Celebrating Appalachia Videos Gardening

June 2021 Garden Tour

Bush Beans

The recent rain we’ve had has our garden growing by leaps and bounds! We had our first mess of bush beans for supper the other night and they were so good!

I expect to harvest the first cucumbers and squash in the next few days. We have tons of tomatoes, but none ripe just yet.

In the video I’m sharing today you can see how green and lush everything is.

I hope you enjoyed the garden tour! What did you think about the Litchi Tomato? Sort of crazy uh 🙂


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  • Reply
    margaret carter
    June 30, 2021 at 9:47 pm

    your garden is so clean and beautiful. with all the things climbing on the fence panels it looks so healthy and green and free of weeds
    and yes it is the first thing l do in the mornings—to check and see what has grown overnight sure enjoyed your video

  • Reply
    Dennis M Morgan
    June 29, 2021 at 6:59 pm

    Thank you for posting this video. Watching it has been the most relaxing thing I have done all day.

    I used to plant a garden; seeing yours has made me decide to plant one again.

  • Reply
    O. P. Holder
    June 29, 2021 at 4:01 pm

    Thanks for the garden tour. I am no longer able to grow one, so I can only have one vicariously through yours.
    Keep up the important things you do.

  • Reply
    Melissa P. (Misplaced Southerner)
    June 29, 2021 at 1:23 pm

    I do so enjoy watching you garden walks. The best we can do up here in the north woods is to grow some herbs in pots on our deck. I also plant lots of flowers (especially those that draw hummingbirds). I do have lots of native flowering things (even though I have no idea what they’re called). I do somehow have a knack for poinsettias. I bring them in every year as soon as the weather starts to turn. I have one that’s 17 years old and flowers like crazy. I keep telling myself if we ever get to move back south, I’m gonna have at least a big enough garden to grow tomatoes, cucumbers and beans.

    Mr. Rick Shepherd already answered about the lychee tomatoes. I think I’d grow them just to keep the critters out, but I have read that they are like a sour cherry. I’ll bet you come up with a great way to use them, though. Maybe lychee tomato jam? Maybe an interesting salsa? Knowing you, you’ll have all kinds of ideas.

  • Reply
    Crystal Kieloch
    June 29, 2021 at 11:52 am

    Oh, how I loved your tour! I can’t garden anymore so I was just so thrilled to take the tour. I wish I could try some of the unusual vegetables you are growing. Can’t wait to hear your report on what you think of them! Thank you so much for the work you are doing in documenting Appalachian ways.

  • Reply
    Pastor Lon
    June 29, 2021 at 11:46 am

    Enjoyed the garden tour! Since GOD watered it you can see how much more green and healthier everything looks. Blue berries are coming on to since the rain. Hope those Litchi Maters turn out good for y’all.

  • Reply
    Ed Ammons
    June 29, 2021 at 11:29 am

    While I was whining about my health and the lack of rain on my garden in my comment on the video I neglected to mention my strawberries. I think I told you about the one strawberry plant a neighbor gave me last year. I kept it inside all winter and it sent out two runners which I planted in pots. This spring I set out all three in a five foot diameter round raised bed. I faithfully pinched out the blooms and the plants sent out runners in every direction. I then had about thirty new plants just starting to take root. Well, I made a big mistake. Oh dear!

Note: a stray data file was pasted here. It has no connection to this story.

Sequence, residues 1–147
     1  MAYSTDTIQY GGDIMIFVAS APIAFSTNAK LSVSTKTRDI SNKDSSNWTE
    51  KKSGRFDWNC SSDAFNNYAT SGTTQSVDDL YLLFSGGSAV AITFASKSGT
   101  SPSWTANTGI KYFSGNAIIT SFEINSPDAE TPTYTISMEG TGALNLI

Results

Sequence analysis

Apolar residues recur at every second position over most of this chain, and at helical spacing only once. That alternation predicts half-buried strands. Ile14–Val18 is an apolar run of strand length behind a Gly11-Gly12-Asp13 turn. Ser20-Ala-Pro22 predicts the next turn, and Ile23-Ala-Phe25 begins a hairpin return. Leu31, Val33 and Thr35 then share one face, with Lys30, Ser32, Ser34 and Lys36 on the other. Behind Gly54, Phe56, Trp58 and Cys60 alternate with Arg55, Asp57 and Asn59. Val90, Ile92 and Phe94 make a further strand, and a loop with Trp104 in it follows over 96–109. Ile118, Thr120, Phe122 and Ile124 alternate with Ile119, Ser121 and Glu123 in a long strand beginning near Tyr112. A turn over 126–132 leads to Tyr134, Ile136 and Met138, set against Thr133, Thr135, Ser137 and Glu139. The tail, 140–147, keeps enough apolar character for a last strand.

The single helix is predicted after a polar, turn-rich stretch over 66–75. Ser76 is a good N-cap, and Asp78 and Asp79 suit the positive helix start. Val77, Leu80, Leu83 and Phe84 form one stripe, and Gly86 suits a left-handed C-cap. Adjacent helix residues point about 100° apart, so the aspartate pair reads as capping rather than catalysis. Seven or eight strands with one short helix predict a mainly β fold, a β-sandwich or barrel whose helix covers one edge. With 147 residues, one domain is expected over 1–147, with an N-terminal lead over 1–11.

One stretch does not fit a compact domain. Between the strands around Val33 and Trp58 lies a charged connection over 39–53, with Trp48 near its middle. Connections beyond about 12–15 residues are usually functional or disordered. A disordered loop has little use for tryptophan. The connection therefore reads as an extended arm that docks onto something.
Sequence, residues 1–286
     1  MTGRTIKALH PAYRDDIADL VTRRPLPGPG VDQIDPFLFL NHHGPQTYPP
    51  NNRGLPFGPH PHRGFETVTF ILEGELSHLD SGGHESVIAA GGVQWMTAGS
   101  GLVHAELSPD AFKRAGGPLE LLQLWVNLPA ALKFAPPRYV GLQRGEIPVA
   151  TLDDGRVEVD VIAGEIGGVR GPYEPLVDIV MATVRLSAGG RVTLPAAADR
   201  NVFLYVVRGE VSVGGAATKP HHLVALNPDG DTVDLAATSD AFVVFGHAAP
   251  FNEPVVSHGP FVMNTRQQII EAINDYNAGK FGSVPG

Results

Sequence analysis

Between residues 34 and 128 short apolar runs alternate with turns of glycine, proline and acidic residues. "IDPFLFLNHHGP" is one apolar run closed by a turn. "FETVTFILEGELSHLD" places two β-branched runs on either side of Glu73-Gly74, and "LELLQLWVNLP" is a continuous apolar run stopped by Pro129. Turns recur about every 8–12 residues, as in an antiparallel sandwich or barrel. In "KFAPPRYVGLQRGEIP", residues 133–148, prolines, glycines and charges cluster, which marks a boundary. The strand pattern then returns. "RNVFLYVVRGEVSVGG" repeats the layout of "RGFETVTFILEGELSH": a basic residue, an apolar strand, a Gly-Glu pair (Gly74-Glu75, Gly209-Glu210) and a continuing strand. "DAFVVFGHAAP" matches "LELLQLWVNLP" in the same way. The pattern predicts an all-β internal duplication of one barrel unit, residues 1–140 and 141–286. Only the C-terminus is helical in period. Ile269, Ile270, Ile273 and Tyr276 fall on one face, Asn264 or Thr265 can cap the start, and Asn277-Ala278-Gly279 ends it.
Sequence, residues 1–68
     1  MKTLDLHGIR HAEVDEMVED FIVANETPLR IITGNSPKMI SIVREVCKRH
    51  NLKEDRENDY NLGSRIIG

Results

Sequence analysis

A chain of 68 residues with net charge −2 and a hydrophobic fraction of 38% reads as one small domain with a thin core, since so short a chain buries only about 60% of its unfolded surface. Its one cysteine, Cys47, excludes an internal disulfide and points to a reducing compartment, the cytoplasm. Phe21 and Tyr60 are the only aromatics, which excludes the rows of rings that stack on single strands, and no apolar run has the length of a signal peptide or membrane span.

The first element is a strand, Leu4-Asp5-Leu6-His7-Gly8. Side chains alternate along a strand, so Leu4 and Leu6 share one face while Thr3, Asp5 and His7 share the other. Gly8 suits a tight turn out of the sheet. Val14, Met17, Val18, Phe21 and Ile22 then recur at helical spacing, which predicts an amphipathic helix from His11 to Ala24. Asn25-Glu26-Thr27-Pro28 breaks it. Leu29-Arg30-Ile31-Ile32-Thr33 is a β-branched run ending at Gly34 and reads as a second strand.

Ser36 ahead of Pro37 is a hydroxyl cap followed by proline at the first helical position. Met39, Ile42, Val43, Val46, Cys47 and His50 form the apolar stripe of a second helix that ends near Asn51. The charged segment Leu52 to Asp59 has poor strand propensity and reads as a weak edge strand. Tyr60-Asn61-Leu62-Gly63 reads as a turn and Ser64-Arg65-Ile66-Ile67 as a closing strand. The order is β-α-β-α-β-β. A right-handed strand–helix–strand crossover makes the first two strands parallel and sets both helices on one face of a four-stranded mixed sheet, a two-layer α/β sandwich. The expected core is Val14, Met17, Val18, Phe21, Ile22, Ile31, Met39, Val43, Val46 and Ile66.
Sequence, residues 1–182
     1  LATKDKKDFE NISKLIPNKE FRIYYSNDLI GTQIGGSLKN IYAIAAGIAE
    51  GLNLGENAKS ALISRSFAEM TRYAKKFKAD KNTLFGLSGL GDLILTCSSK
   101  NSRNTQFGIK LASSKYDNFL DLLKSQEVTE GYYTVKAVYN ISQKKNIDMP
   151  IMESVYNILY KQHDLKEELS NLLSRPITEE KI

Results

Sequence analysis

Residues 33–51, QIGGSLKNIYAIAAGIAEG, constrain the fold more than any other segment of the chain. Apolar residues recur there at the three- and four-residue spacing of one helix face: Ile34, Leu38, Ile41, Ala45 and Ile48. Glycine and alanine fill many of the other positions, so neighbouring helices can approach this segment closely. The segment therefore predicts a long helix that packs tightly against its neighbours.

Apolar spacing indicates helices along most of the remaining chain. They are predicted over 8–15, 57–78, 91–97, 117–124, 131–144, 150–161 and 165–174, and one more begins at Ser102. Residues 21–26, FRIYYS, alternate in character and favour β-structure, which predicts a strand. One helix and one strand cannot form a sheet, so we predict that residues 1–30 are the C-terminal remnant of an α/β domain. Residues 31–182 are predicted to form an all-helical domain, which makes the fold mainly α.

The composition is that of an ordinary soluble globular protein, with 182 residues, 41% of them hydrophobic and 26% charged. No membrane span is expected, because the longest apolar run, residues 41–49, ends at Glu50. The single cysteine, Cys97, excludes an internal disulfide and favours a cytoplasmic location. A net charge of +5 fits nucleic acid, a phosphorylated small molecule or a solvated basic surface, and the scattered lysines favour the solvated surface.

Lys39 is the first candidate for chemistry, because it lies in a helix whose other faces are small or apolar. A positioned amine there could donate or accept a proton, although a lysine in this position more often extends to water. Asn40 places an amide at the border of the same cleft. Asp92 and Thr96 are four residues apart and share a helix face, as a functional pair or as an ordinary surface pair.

Yes, Deer! Deer eat strawberry plants. I had forgotten about that! A couple of days ago I went out to check on my strawberries and it looked like a swarm of locusts had laid waste to them. Every green leaf of any size was gone. Only tiny green buds remain.
    I’m not giving up though! I think the strawberries will recover with time. Dusty went to Tractor Supply yesterday and got me some fencing to encircle the bed. It’s only four feet tall and a deer can easily jump it, but if it jumps in can it jump out? I might just have to give up on eating strawberries and start eating deer.

  • Reply
    Ron Stephens
    June 29, 2021 at 11:15 am

    You all amaze me with how many things you grow. I know you don’t have a lot of room but you do so much better it seems that I do with my space limits. By the way, maybe you can use one or more of your garden videos in your class?

    I think your Lichee tomato is a member of the Solanum family, also called I believe the Nightshade family. My memory does not recall whether tomato is also in that family. There is a low-growing example that is native and grows wild in pastures. It has yellow balls on it and the whole plant is spiny. One common name for it is Carolina Bull Nettle.

    I hope you tell us how the Turkey Craw turns out. As I have posted before, it is reportedly a cornfield bean, meaning that its runners are short and it will produce in light/moderate shade. About that, I had the idea the other day that it might be possible to mix beans and sunflowers in the same row and let the beans climb the sunflowers as the “sticks”. Not sure though how the timing would work.

    As for my garden, I have cucumbers, tomatoes, potatoes, carrots, peppers now producing. Corn (Peaches & Cream) tasseling & has silks. Also have Honey Rock cantaloupe formed. I have been picking tame thornless blackberry for at least two weeks. They are nice & plump this year. One oddity this year is that the bell pepper and the basil is just sitting, not growing and the pepper scarcely blooming. Never had that before.

  • Reply
    Deborah Roy
    June 29, 2021 at 10:01 am

    Have you grown any Pink Tip beans? As the name describes, they are a creamy pale yellow bean that gets a beautiful pink tip when mature. My family grew them in Shady Valley, part of Johnson County, Tennessee, the most northeastern county that borders North Carolina and Virginia. From what I have read, they only grow in a small area of eastern Tennessee and western North Carolina. They are unavailable to buy, so you have to save your own seed to plant the next season.

    • Reply
      Ron Stephens
      June 29, 2021 at 1:54 pm